Review: ‘The Commandant’s Shadow,’ starring Anita Lasker-Wallfisch, Maya Lasker-Wallfisch, Kai Höss and Hans Jurgen Höss

May 24, 2024

by Carla Hay

Anita Lasker-Wallfisch, Maya Lasker-Wallfisch, Kai Höss and Hans Jurgen Höss in “The Commandant’s Shadow” (Photo courtesy of Warner Bros. Pictures)

“The Commandant’s Shadow” (2024)

Directed by Daniela Völker

Some language in German and Polish with subtitles

Culture Representation: Taking place in Europe and in the United States, the documentary film “The Commandant’s Shadow” features a predominantly white group of people (with a few Asians and biracial people) in a movie about two families whose ancestors were on opposite sides of the Holocaust.

Culture Clash: One family consists of descendants of notorious Nazi leader Rudolf Höss (commandant of the Auschwitz death camp), while the other family consists of descendants of Auschwitz survivors.

Culture Audience: “The Commandant’s Shadow” will appeal primarily to people interested in very unusual documentary about the Holocaust and its aftermath.

Maya Lasker-Wallfish, Kai Höss and Hans Jurgen Höss in “The Commandant’s Shadow” (Photo courtesy of Warner Bros. Pictures)

Heartbreaking and inspirational, “The Commandant’s Shadow” documentary shows how two families, whose ancestors were on opposite sides of the Holocaust, confront and try to heal from these painful legacies. In many ways, “The Commandant’s Shadow” could be considered the real-life sequel of the Oscar-winning 2023 drama “The Zone of Interest,” which presented a disturbing view of the Holocaust from the perspective of Auschwitz death camp commandant Rudolf Höss as a Nazi family man. When he was transferred from Germany to Auschwitz, Poland, he was tasked with overseeing what would end up being the death camp that murdered the most Jewish people (an estimated 1.1 million) during the Holocaust. The Auschwitz death camp was located a fence away from the Höss household.

Directed by Daniela Völker, “The Commandant’s Shadow” gives an unflinching and fascinating look at some of Rudolf Höss’ descendants and some of the Jewish people directly affected by the Auschwitz death camp. The documentary also shows what happens when these descendants meet in person for the first time. “The Commandant’s Shadow” focuses on four of these descendants, whose in-person meeting is shown near the end of the documentary.

Anita Lasker-Wallfisch (who turned 98 years old when this documentary was filmed) is a Holocaust survivor who was imprisoned at Auschwitz from December 1943 to October 1944, when the Auschwitz death camp was liberated by British military forces. Originally from Germany, she was a cellist who taken by Nazis to Auschwitz, and she was chosen to be in the Auschwitz death camp orchestra. Anita (whose parents were murdered in the Holocaust) says in the documentary that her musical skills are the main reason why she was kept alive. After she was rescued from Auschwitz, she relocated to England, where she and her husband raised their family in the London area.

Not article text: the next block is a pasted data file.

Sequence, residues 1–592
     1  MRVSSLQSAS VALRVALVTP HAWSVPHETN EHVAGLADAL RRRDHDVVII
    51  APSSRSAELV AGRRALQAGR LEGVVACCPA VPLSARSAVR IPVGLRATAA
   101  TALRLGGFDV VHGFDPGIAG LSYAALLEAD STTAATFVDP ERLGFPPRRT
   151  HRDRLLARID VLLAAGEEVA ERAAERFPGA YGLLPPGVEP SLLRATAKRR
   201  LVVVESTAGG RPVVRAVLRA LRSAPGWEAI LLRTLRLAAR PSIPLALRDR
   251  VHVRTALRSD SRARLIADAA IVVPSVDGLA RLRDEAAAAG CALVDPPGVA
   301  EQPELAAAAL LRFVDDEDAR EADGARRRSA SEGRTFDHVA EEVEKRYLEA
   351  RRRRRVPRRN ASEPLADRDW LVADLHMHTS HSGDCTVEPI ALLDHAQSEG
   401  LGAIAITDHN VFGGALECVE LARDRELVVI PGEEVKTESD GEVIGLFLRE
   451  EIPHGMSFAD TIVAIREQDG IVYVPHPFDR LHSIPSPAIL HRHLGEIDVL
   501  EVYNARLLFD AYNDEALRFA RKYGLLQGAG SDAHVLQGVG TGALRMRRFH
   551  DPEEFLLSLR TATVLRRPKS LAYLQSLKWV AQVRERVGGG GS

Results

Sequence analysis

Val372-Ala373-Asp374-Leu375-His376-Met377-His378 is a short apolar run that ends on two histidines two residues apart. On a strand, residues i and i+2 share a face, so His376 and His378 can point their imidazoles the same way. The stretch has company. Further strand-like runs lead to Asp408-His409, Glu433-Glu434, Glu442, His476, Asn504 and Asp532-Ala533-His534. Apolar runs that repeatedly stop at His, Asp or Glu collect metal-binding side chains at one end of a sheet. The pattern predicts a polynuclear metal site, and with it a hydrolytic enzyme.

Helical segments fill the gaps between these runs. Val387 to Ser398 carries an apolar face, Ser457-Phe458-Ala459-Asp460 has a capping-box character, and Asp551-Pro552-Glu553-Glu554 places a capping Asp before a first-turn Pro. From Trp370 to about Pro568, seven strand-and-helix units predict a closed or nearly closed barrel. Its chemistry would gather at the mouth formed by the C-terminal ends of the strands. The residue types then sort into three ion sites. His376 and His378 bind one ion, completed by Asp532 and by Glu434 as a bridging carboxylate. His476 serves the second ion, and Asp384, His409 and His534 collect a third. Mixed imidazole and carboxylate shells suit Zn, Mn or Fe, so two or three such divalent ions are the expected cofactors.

Dr. Maya Lasker-Wallfisch is Anita’s psychotherapist daughter, who has written memoirs about being a second-generation child of a Holocaust survivor. It was Maya’s idea to initiate contact with surviving members of Rudolf Höss’ family. During the filming of the documentary in 2020, Maya moved from her birth country of England to Germany, even though she didn’t know how to speak German at the time. Currently living in the German capital city of Berlin, Maya says in the documentary that she was compelled to move to Germany because she felt she would have been born in Germany if her family’s life had not been disrupted by the Holocaust.

Hans Jurgen Höss is Rudolf Höss’ youngest child, who currently lives in Poland. In the documentary, he says that in his childhood, before he knew the terrible truth of what his father did, he thought of his father as a prison boss. Hans describes having an idyllic childhood where he could see the Auschwitz death camp from his home, but he claims that he never saw or smelled any of the smoke from the Auschwitz death camp’s ovens and gas chambers where Jewish people were murdered.

Kai Höss, who lives in Germany, is the Christian pastor son of Hans Jurgen Höss. Kai and Maya were the first two members of these families to meet each other and were instrumental in getting their widowed parents to meet each other. Kai is more vocal than Hans in condemning the atrocities committed by Rudolf Höss. Kai believes his father Hans has blocked out a lot of childhood memories that would be too painful to remember. For example, Kai finds it unlikely that Hans never saw smoke or smelled the odor from the burning bodies of Jewish people because the Auschwitz death camp was so near to the Höss household.